Joachim Nagel ©Gaby Gerster

Joachim Nagel: “We need a strong collective response for Germany as a business location”

In an interview with Funke Mediengruppe, Bundesbank President Joachim Nagel emphasised that he could imagine a moderate reform of the debt brake. However, we could also afford to run up somewhat higher deficits during certain phases without jeopardising stability, he said. In our view, those would be periods when the government debt-to-GDP ratio is below 60%. According to Dr Nagel, the additional scope opened up in this manner could then be used to invest in the future. 

People and businesses needed a clearer vision of how the energy transition and the challenges it presents would be overcome, as he saw it. What mattered now, though, was to actually implement the Growth Opportunities Act. The Bundesbank President saw further potential to relieve the burden on enterprises by reducing bureaucracy and accelerating procedures. We need a strong collective response for Germany as a business location, he said, adding that only then would Germany stop lagging behind when it came to growth rates.

Germany’s particular situation was, in his view, also partly responsible for stagnant economic growth. The economy had suffered due to the impact of the war of aggression against Ukraine, especially on the back of high energy prices. Weak foreign demand was currently a major factor, too. In the interview, he stressed that this was offset by a strong German labour market with a high level of employment, and that We should not paint the situation blacker than it actually is. We are not the sick man of Europe.

Dr Nagel did, however, voice concerns about the shortage of skilled workers: “We are experiencing a shortage of labour, and that is only going to get worse as the population ages. If we are now living longer, the retirement age should also rise, and this in line with a fixed formula.” This, he said, would alleviate the shortage of skilled workers and support long-term growth.

Inflation to decline further 

The Bundesbank President had a positive outlook on price developments in Germany and the euro area, saying that: Barring a deterioration in the underlying conditions, the inflation rate in Germany will continue to decline this year. He expected average annual inflation to run at around two-and-a-half percent, with the target rate of 2% in the euro area being reached in 2025.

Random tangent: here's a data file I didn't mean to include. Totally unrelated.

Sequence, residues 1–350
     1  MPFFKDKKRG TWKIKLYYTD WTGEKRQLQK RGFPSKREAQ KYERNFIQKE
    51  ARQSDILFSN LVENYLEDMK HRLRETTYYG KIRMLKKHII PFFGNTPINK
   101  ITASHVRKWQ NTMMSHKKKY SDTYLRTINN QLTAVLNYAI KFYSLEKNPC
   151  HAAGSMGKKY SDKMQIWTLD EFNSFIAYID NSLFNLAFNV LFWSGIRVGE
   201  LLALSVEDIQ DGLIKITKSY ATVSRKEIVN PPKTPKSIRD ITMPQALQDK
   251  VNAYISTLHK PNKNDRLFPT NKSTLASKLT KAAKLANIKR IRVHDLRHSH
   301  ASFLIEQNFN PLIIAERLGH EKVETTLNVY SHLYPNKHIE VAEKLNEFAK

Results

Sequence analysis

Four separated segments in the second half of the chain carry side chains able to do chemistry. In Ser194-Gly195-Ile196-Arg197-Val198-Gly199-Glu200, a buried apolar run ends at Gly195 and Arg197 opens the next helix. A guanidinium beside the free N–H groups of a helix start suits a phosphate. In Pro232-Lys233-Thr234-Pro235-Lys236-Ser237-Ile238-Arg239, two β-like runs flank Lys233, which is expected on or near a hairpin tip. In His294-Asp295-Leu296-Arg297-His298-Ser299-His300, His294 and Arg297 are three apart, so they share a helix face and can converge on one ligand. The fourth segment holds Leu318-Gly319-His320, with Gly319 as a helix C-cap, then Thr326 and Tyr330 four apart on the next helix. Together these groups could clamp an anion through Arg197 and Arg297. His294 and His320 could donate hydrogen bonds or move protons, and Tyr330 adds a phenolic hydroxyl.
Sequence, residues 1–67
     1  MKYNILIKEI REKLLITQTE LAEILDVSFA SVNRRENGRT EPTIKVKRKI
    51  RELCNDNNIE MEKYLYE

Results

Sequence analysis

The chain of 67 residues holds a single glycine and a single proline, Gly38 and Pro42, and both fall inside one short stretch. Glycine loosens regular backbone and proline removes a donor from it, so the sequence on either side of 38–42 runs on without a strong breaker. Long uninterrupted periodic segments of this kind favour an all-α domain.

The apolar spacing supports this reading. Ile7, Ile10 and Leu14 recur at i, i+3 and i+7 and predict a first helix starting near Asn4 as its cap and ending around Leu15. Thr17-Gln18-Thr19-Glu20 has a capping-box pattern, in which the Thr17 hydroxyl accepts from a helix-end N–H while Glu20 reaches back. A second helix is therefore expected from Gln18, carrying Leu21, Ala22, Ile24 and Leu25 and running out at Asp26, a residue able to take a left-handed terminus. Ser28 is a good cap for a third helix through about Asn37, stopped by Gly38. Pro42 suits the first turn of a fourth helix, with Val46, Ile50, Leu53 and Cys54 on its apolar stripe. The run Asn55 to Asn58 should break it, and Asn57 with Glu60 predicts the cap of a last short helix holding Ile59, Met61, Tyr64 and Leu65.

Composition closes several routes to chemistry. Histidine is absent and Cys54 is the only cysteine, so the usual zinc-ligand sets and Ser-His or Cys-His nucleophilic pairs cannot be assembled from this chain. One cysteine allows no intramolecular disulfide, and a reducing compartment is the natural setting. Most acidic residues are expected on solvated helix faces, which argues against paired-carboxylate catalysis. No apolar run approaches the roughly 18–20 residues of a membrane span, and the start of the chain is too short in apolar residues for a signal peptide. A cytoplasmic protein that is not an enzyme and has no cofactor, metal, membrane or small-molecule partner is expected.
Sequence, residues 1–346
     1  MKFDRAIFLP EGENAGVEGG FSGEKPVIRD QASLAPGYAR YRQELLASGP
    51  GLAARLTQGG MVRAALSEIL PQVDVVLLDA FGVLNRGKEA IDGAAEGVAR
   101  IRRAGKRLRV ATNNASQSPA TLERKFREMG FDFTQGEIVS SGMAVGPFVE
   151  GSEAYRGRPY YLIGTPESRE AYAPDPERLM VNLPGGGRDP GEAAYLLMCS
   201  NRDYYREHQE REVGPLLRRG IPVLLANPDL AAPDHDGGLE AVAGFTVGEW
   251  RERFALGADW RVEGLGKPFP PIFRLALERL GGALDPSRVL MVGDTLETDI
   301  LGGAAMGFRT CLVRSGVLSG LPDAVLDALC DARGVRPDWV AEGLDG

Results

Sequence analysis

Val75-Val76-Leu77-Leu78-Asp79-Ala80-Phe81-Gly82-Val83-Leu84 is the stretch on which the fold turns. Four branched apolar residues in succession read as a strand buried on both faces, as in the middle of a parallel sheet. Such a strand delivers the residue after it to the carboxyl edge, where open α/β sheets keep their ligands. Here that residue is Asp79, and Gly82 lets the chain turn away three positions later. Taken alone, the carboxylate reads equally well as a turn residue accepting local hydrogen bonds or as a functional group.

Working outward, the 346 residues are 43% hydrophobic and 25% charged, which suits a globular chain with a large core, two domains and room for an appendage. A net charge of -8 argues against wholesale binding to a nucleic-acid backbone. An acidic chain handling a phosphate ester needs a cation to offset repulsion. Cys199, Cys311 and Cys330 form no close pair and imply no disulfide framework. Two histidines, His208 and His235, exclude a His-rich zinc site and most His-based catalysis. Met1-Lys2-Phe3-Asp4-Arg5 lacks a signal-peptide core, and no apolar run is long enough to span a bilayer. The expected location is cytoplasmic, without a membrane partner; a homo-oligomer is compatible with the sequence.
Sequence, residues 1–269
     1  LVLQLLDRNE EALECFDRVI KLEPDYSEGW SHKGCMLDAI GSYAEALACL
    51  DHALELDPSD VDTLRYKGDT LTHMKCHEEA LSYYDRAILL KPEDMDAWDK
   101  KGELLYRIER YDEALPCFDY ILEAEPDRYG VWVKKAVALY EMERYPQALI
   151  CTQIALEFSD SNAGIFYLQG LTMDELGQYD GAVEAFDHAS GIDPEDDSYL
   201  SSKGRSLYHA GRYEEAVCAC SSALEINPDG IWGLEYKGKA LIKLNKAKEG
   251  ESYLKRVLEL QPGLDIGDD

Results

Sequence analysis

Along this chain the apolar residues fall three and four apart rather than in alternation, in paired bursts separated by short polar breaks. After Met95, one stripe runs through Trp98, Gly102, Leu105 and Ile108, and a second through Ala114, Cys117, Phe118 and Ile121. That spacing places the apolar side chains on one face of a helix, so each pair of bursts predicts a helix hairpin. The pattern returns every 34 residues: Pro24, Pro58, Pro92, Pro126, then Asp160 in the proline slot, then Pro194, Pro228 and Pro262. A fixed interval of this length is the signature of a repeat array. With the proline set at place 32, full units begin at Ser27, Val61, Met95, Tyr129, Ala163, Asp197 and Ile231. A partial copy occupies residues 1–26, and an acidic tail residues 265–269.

Whilst energy prices had fallen and food prices were no longer rising as sharply, there were still strong price increases in the services sector, Dr Nagel said. 

With regard to key interest rates, he continued, the ECB Governing Council would not cut the key interest rates until it was sufficiently certain that inflation will indeed continue its rapid descent. 

“The digital euro will be a success”

In the interview, Dr Nagel also talked about the future “digital euro” project. He was confident that it would be a success. “It ticks all the boxes,” he said, explaining that the digital euro would let users pay quickly and conveniently using a mobile app, but that it could also be used offline. Compared with the existing conventional electronic alternatives, transactions with the digital euro would also be designed to be more cost-effective for retailers.

Furthermore, individual privacy would be given maximum possible protection. There is no reason for anyone to be afraid of becoming a ‘see-through customer’ as a result of the digital euro, the Bundesbank President reassured. He anticipated that the digital currency would be available in the next four to five years. However, even if electronic payment options continued to grow in number, consumers would still be able to pay in cash in future. Cash isn’t going to vanish, Dr Nagel said.